The Dark Web provides a safe haven for criminal activity and is a storehouse for stolen credit card data, account information and personally identifiable information (PII). Numerous widespread data breaches have only increased the amount of compromised account information available on the Dark Web.
This alarming trend comes at a risk for financial institutions looking to protect their customers against fraud. To help, the fraud experts from Advanced Fraud Solutions (AFS) and Q6 Cyber (Q6) explore what threats lurk on the Dark Web and how to use Dark Web-based intelligence to combat attacks.
The impact of a credit or debit card fraud attack
For background, the Dark Web refers to a collection of encrypted websites, inaccessible using traditional search engines and browsers. Access to the it typically requires an encryption tool, such as Tor. This hidden web hosts e-commerce marketplaces and forums where large troves of fraudulent data are advertised and exchanged. Through the use of cryptocurrencies, purchasing stolen data is easier than ever. Following a transaction, purchased PII and account data are then used to carry out a variety of fraud tactics. One example: the creation of synthetic identities for the purpose of securing a fraudulent loan.
The impact of a Dark Web-initiated attack on consumers can be devastating. Compromised personal data can result in fraudulently opened loans, unrecoverable losses and damaged credit. For financial institutions, fraud can lead to significant losses and exact severe reputational damage. And, with increasingly sophisticated forms of identity and financial fraud coupled with a limitless supply of compromised data available for purchase via underground marketplaces, fraudsters are evading even the most advanced security and anti-fraud controls.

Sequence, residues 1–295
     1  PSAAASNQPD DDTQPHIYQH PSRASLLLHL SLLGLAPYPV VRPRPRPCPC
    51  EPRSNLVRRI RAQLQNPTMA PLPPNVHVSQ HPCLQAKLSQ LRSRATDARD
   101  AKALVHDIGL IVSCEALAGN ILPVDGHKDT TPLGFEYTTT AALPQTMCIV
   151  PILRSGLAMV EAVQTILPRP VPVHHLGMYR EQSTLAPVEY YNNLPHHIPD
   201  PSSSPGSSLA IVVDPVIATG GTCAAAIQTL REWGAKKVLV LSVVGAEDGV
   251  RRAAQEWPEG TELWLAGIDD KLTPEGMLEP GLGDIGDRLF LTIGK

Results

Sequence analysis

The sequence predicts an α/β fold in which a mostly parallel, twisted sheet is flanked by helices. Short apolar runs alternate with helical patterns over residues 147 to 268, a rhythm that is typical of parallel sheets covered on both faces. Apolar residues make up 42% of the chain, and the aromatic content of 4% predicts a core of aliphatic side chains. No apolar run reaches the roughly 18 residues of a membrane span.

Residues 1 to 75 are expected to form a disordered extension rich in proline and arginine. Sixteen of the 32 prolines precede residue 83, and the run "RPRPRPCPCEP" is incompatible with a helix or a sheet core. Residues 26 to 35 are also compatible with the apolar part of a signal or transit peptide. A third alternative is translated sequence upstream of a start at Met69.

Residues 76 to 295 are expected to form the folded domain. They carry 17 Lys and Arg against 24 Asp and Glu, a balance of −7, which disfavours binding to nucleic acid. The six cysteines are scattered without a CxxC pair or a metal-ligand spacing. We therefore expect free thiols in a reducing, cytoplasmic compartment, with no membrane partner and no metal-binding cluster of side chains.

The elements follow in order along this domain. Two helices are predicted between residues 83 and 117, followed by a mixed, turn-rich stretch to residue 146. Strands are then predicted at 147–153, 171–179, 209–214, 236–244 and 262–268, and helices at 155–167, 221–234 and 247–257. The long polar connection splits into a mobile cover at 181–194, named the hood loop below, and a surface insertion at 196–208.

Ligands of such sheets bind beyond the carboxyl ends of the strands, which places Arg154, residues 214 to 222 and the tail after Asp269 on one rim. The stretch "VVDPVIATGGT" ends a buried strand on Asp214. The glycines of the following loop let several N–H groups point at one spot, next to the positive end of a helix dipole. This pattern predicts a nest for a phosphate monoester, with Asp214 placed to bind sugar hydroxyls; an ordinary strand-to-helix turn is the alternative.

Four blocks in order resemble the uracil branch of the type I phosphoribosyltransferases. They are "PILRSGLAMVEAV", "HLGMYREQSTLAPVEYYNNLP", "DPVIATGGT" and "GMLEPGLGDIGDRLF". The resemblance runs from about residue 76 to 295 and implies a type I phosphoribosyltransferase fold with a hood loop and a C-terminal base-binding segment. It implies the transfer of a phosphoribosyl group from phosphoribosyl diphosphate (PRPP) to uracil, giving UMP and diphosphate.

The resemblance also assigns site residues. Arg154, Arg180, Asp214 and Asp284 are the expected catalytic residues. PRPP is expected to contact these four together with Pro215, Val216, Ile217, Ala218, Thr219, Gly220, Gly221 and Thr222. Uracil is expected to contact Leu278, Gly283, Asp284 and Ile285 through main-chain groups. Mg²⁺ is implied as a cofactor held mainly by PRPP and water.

Watch how fraudsters navigate the Dark Web
Given the diverse ways in which fraudsters use stolen PII and account information to commit card fraud, institutions are finding themselves at risk across payments channels. In the popular on-demand webinar, AFS and Q6 explore the most common types of fraud that can result from sensitive information available on the Dark Web, including card-based threats, account takeovers, business e-mail compromise, loan fraud, and ransomware attacks.
Be Proactive, Not Reactive
Troves of compromised data available online continue to grow, putting more and more consumers at risk. Financial institutions are finding themselves at the vanguard in the fight against fraud.
According to the fraud prevention experts at AFS and Q6, the best way to mitigate fraud threats is to carefully monitor internet and evaluate the value of compromised corporate and customer data. By using the Dark Web as an intelligence tool, institutions can intercede and interdict compromised data post-breach, pre-fraud.
To learn more, watch the on-demand webinar.
– read the Credit Union Times article here.